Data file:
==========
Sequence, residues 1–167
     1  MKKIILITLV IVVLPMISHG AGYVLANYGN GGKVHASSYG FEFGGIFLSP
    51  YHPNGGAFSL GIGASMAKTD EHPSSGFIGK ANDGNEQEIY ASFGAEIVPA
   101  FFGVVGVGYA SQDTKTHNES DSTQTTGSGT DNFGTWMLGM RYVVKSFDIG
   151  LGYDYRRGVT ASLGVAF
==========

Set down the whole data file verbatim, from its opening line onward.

Sequence, residues 1–167
     1  MKKIILITLV IVVLPMISHG AGYVLANYGN GGKVHASSYG FEFGGIFLSP
    51  YHPNGGAFSL GIGASMAKTD EHPSSGFIGK ANDGNEQEIY ASFGAEIVPA
   101  FFGVVGVGYA SQDTKTHNES DSTQTTGSGT DNFGTWMLGM RYVVKSFDIG
   151  LGYDYRRGVT ASLGVAF